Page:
5 posts tagged Mystery
5 posts tagged Mystery
From the Department of Awesome Natural Wonders comes this impressive geological formation - an enormous rock perfectly balanced atop a smooth mound. Located deep inside the forests of Finland, the balancing rock is called Kummakivi:
“There is still no scientific explanation for how the rock, whose given name translates as ‘strange rock’ in Finnish, has wound up in such a perplexing position.”
However it happened, it’s a pretty awesome sight. But we don’t recommend standing under it for too long.
[via My Modern Metropolis]
From the Department of Awesome Natural Wonders comes the Lake Hillier, the mysteriously bright pink lake found on Middle Island in Western Australia that looks like it’s made of Strawberry Nestle Quik or Pepto-Bismol. No one knows for sure why the lake sports such an unusual colour.
According to Wikipedia: The reason for the lake’s colour is still under investigation. A possible explanation according to some scientists involves the low nutrient concentrations and different types of bacteria and algae. The pink colouration could also be from a sea salt and nahcolite (sodium bicarbonate) deposit reaction or red halophilic bacteria in the salt crusts.
[via Twisted Sifter]
“Over the past few weeks in a wooded area around Knaresborough, North Yorkshire, UK—a city known for quirky architecture and annual art festivals—three [awesome] sculptures were surreptitiously carved into a number of felled trees by an unknown artist. These were not crude, amateur wood carvings, but clearly the work of an accomplished sculptor that the Daily Mail called “an anonymous Banksy-style guerrilla artist”. Right. Well, the sculptures are indeed incredible, and I think the world could use a healthy dose of accomplished mystery art, as was the case last year in Scotland where a series of book sculptures were left by a still unidentified individual in libraries and book festivals around the country.
The rogue tree carver’s identity was unveiled when the BBC decided to do the obvious thing and knock on the door of the person who owned the publicly-accessible private property where the sculptures were spotted, David Brown. Although Brown was unavailable for comment his housekeeper reported that the works were were commissioned from chainsaw-wielding artist Tommy Craggs who makes a living traveling around the world carving all matter of mystical creatures, animals, and figurative works into trees. Indeed in his own online gallery [where we found the awesome witch tree sculpture that was set on fire] several photos of a piece entitled King Hallow of Abbey Road identically match one of mystery sculptures found in Knaresborough. Case closed.”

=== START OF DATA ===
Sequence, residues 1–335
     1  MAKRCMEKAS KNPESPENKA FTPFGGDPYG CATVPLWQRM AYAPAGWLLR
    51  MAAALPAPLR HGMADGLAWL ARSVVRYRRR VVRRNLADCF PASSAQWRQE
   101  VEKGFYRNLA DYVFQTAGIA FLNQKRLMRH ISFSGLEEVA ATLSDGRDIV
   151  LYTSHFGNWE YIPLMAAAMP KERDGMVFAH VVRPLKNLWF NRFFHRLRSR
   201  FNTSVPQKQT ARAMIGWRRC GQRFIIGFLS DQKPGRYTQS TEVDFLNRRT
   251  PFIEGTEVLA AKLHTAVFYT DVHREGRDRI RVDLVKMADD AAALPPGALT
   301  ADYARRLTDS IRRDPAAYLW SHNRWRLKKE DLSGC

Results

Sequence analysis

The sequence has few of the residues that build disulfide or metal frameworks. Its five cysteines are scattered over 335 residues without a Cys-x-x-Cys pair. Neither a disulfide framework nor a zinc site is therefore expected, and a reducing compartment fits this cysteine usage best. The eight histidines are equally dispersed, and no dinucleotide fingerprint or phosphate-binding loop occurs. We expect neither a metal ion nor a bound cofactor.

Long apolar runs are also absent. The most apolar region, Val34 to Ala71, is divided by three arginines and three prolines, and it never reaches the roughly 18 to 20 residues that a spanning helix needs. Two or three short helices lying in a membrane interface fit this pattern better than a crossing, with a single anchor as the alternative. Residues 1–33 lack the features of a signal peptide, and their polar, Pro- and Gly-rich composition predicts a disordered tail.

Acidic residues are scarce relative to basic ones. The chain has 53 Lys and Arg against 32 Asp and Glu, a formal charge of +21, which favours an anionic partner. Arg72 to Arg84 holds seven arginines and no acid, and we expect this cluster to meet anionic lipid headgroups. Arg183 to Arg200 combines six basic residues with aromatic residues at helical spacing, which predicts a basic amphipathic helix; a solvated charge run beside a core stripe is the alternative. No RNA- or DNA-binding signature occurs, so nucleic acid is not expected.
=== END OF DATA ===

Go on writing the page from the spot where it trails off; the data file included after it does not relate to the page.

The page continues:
From the Department of Awesome Natural Wonders come these mysterious patterns on the ocean floor off the southern coast of Japan. Japanese scuba diver and photographer Yoji Ookata, who has spent the last 50 years exploring and documenting his underwater discoveries off the coast of Japan, spotted these beautiful and puzzling patterns in the sand, nearly six feet in diameter and 80 feet below sea level, during a dive near Amami Oshima at the southern tip of the country.
So what happened next? Are these rippling geometric patterns the equivalent of crop circles on the seafloor? Not quite, but the answer is still a good one. Colossal explains:
“He soon returned with colleagues and a television crew from the nature program NHK to document the origins what he dubbed the “mystery circle.”
Using underwater cameras the team discovered the artist is a small puffer fish only a few inches in length that swims tirelessly through the day and night to create these vast organic sculptures using the gesture of a single fin. Through careful observation the team found the circles serve a variety of crucial ecological functions, the most important of which is to attract mates. Apparently the female fish are attracted to the hills and valleys within the sand and traverse them carefully to discover the male fish where the pair eventually lay eggs at the circle’s center, the grooves later acting as a natural buffer to ocean currents that protect the delicate offspring. Scientists also learned that the more ridges contained within the sculpture resulted in a much greater likelihood of the fish pairing. To learn more about the circles check out the full scoop over on Spoon and Tamago, and you can see two high resolution desktop photos courtesy of NHK here.”
Busy little pufferfish boys wooing potential mates by sculpting the sand with their bodies. As far as we’re concerned, that’s pretty awesome!